Campus Central

Arnab Goswami visits Hindu College

Pinterest LinkedIn Tumblr

NE-Tym, the annual fest by the North-East Cell, Hindu College was held on 25th February, 2013. With stalls for food, handicrafts and books in one part of the college and canvas exhibition in the other, the students felt the presence of the north-eastern culture around them. Simultaneously, a national seminar was held in the auditorium about mainstreaming the north-east and its implications to the state and society. Binalaxmi Nepram, founder of Manipur Gun Survivors Network and Secretary General, Control Arms Foundation of India, conducted the seminar. M.A. Sikander, Director of the National Book Trust of India and Robin Hibu, IPS Joint Commissioner, Delhi Police also spoke about the issue, along with moderator Maharaja Pradyot Deb Burman, Chairman and Editor-in-Chief, The North East Today. Binalaxmi spoke about students coming from the north-east to Delhi to study and feeling alienated here. She talked about AFSPA, and the need to transform. She spoke with great compassion about the north-eastern people being called ‘chinkis’ and how the history of 45 million people hasn’t been included in our textbooks.  North-east was called the ‘Switzerland of India’ by Pandit Nehru and indeed it is that beautiful. We just need to have the eyes to look beyond the issues and violence prevailing in the region. The main attraction of the event, however, was an interactive session with Arnab Goswami, after the panel discussion. Born in Guwahati, Arnab is the Editor-in-Chief and news anchor of the Indian news channel, Times Now. His special television programme, “Frankly Speaking”, has featured many eminent personalities. Being an alumnus of Hindu College itself, Arnab took a nostalgic walk around the campus and was happy to declare that not even the smell of the hostel had changed over the years. He said that his intellectual prejudices and debating instincts have all come from this college. He had joined Hindu when the Mandal Commission was in action and protests were going on in the campus. In his words, “on one side of the road, was the real India, out on the streets and on the other, a college which shut its gates. I was proud to belong to the India of Hindu College. The college that didn’t live in fake elitism and where college politics was not a bad thing. I was part of the new India, not the India that has ruled this country for decades.” He gave some words of advice to the students, saying that one should always stick his neck out, not belong to the cosy club. To break the system, never be a part of it. To be a leader, break out. Arnab admitted that he is often criticised for being loud and argumentative but he also knows that his journalism has changed the nature of news coverage in the country. Unless one goes over the top, the country can’t be changed. In the end, he only said that he wears his nationalism on his sleeve, not his regionalism, and that’s what he would ask his listeners to do as well. After some questions and debate on good journalism, the session came to an end. A cultural extravaganza and a star performance by Alobo Naga and the Band followed this.   Surbhi Grover([email protected]), with inputs from Aanchal Sethi]]>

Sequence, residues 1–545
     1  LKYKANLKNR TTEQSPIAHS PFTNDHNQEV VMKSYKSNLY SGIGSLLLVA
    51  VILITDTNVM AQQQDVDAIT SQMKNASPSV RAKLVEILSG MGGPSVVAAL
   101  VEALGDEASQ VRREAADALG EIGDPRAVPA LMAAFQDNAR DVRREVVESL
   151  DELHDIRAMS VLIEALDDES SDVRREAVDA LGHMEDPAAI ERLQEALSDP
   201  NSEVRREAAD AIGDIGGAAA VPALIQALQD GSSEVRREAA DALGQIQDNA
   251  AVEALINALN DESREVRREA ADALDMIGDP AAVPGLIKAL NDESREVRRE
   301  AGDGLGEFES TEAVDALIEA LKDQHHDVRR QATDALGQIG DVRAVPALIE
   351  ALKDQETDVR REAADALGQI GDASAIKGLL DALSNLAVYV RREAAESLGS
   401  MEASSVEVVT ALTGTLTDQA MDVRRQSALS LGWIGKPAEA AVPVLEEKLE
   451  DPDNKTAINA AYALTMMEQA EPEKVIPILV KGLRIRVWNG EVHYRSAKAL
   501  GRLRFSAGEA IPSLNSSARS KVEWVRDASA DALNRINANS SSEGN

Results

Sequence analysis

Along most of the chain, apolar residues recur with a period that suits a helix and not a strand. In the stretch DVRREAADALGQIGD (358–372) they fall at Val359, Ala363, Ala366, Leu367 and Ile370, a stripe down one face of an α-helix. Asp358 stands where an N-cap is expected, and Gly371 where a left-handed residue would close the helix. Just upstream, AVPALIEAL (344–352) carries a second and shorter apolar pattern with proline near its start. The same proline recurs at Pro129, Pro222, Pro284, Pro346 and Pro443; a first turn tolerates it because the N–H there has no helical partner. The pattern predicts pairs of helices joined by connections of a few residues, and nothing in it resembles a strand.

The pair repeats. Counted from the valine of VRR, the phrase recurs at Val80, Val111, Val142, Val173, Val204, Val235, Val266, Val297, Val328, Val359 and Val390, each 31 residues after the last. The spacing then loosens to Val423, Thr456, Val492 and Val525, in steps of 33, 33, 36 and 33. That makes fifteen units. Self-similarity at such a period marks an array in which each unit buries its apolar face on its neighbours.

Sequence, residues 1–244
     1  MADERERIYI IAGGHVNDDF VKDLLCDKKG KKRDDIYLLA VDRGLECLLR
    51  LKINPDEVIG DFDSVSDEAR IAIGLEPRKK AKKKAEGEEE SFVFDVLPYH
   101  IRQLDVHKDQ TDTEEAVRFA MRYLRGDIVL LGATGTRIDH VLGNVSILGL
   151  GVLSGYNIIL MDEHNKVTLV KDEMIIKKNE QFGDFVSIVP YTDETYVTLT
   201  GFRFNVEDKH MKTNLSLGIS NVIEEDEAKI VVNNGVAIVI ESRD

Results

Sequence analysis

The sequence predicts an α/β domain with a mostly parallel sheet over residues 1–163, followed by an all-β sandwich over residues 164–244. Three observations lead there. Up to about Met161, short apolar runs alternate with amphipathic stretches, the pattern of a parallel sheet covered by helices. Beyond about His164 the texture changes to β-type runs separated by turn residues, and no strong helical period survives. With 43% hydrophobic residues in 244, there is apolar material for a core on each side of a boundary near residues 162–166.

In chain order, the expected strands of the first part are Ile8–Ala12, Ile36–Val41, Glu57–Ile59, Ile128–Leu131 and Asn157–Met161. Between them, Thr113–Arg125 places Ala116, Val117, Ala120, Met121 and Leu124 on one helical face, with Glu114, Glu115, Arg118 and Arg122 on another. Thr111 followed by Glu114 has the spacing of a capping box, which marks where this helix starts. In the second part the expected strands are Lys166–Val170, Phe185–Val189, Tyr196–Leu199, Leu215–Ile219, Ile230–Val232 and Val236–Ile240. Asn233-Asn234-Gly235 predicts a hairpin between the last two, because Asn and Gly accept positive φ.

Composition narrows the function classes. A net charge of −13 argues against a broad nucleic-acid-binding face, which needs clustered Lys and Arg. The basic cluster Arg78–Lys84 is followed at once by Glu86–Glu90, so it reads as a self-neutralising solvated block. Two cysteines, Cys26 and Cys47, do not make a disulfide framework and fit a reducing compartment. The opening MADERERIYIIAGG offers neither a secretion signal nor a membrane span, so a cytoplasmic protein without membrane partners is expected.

Journalism has been called the “first rough draft of history”. D.U.B may be termed as the first rough draft of DU history. Freedom to Express.

Comments are closed.